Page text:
Bribery and extortion of the piblic police and other officials is to fund the Zimbabwean state. The regime destroyed any healthy form of industry and severely cut itself from its financial feeding source. Now they have employed police, city council and Zimra to become state fund-raisers ticketing for almost everything a citizen is supposed to receive from the state but the state cannot provide.

more >>

textAnarchism, Ethnicity and the Battle of the ANC Clones Okt 28 Zabalaza Anarchist Communist Front 0 comments

Once again we, the Zabalaza Anarchist Communist Front (ZACF), have to defend our political tradition from bourgeois politicians, this time on both sides of the ANC split, and explain to them what exactly is meant by a term that they throw about without actually knowing its meaning.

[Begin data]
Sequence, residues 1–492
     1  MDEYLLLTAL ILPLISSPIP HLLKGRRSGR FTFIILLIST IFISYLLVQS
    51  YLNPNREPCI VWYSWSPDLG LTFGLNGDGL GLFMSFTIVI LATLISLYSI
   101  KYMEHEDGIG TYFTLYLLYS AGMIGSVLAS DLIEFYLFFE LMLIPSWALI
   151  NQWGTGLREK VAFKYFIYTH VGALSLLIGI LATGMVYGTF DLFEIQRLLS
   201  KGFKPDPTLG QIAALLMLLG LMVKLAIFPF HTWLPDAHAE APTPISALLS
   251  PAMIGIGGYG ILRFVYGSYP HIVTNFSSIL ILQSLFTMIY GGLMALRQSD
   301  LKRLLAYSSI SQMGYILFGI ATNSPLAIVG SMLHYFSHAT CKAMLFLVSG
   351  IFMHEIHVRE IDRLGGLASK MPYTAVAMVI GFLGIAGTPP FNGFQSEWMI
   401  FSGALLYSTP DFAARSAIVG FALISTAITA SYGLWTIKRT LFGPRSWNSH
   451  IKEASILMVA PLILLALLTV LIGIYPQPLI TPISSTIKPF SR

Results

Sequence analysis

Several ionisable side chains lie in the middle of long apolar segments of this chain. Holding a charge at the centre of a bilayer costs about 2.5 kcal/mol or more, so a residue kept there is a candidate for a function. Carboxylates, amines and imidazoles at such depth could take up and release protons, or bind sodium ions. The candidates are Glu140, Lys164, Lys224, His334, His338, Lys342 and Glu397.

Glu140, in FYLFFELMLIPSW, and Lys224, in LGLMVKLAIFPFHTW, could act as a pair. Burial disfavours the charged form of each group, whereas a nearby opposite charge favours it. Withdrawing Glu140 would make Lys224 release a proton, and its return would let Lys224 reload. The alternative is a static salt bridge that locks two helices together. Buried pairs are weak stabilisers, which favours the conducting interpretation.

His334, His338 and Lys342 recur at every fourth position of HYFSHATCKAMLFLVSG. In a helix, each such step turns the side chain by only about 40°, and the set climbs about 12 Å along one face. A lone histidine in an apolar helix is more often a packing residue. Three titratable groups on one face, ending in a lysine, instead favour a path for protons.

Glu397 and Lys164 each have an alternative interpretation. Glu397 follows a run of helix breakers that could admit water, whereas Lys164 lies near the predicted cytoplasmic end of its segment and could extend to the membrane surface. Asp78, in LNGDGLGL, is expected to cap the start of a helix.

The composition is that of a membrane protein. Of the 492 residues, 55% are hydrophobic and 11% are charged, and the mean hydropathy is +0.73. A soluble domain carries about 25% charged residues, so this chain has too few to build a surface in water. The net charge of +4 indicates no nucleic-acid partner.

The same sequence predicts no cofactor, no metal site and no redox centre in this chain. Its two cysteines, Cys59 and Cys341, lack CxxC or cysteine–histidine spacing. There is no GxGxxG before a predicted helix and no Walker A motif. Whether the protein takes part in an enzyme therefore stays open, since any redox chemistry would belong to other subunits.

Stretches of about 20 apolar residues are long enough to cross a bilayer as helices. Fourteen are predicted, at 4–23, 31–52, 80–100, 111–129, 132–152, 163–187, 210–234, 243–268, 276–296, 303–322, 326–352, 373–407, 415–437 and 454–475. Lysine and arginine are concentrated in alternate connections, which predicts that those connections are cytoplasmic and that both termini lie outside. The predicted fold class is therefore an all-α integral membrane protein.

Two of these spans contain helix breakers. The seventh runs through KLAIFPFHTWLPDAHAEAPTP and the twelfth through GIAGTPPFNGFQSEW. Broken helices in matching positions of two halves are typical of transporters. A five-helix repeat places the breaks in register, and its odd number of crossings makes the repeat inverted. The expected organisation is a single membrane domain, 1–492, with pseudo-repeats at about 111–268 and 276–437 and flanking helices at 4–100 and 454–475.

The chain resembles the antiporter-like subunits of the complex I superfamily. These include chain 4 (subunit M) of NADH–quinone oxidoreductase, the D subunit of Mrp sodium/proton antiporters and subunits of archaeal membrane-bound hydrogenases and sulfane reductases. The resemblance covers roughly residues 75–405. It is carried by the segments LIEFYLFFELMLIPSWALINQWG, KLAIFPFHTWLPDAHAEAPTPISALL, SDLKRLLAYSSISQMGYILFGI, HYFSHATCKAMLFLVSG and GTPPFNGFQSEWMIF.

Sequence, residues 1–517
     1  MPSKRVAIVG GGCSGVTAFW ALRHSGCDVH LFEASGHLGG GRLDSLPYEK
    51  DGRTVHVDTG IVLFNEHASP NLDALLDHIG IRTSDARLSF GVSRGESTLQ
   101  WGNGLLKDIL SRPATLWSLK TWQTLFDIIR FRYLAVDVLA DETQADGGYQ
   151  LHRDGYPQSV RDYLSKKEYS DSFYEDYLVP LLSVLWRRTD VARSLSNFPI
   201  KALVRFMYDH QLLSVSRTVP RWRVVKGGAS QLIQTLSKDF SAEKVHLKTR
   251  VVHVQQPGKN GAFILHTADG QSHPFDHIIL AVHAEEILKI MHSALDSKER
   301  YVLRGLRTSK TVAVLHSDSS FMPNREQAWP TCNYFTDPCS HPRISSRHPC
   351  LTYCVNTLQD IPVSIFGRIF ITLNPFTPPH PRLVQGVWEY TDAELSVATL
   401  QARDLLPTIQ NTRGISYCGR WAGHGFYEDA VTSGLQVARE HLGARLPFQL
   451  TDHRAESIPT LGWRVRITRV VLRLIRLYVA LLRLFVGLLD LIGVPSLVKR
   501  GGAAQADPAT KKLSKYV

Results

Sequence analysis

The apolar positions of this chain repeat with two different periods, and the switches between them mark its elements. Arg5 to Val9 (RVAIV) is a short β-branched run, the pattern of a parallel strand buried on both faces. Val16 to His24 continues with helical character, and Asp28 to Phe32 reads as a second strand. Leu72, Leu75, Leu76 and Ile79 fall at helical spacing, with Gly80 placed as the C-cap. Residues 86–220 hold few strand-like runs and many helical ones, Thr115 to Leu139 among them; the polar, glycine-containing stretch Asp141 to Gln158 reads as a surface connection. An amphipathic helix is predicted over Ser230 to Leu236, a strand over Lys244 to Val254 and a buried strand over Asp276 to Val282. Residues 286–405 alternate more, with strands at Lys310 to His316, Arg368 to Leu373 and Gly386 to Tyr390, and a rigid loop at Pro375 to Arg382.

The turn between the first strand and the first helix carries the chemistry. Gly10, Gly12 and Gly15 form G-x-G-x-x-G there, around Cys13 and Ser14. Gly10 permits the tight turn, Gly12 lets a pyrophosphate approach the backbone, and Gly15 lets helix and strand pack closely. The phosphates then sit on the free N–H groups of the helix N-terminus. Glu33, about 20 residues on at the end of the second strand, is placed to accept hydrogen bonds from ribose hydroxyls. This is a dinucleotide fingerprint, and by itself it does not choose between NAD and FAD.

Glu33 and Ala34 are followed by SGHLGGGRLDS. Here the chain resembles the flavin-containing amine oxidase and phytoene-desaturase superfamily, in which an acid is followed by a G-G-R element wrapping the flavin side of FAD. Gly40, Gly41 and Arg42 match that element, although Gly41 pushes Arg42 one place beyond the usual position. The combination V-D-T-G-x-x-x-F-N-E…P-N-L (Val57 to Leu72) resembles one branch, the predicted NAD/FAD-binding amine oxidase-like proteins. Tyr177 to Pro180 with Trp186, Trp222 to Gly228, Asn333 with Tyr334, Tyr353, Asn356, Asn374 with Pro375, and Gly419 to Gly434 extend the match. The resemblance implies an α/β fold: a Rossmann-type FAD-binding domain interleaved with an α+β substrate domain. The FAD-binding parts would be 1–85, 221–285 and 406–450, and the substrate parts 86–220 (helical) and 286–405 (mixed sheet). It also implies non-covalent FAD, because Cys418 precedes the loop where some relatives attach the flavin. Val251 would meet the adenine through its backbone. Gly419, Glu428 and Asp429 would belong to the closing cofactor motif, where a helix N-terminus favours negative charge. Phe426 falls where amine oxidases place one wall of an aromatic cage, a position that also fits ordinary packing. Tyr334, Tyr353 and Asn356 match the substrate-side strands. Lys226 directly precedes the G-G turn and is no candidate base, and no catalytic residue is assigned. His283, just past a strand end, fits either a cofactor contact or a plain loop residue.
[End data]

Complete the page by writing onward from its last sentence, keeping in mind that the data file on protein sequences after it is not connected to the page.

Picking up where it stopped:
textReal Human Freedom Not Fake Human Rights Mär 21 0 comments

South Africa is said to have one of the most progressive constitutions in the world. It enshrines the rights of every person, of every background, from workers and immigrants to women and homosexuals. As such you would think that, especially for people from oppressed groups, South Africa would be a safe haven.

© 2005-2018 Unless otherwise stated by the author, all content is free for non-commercial reuse, reprint, and rebroadcast, on the net and elsewhere. Opinions are those of the contributors and are not necessarily endorsed by [ Disclaimer | Privacy ]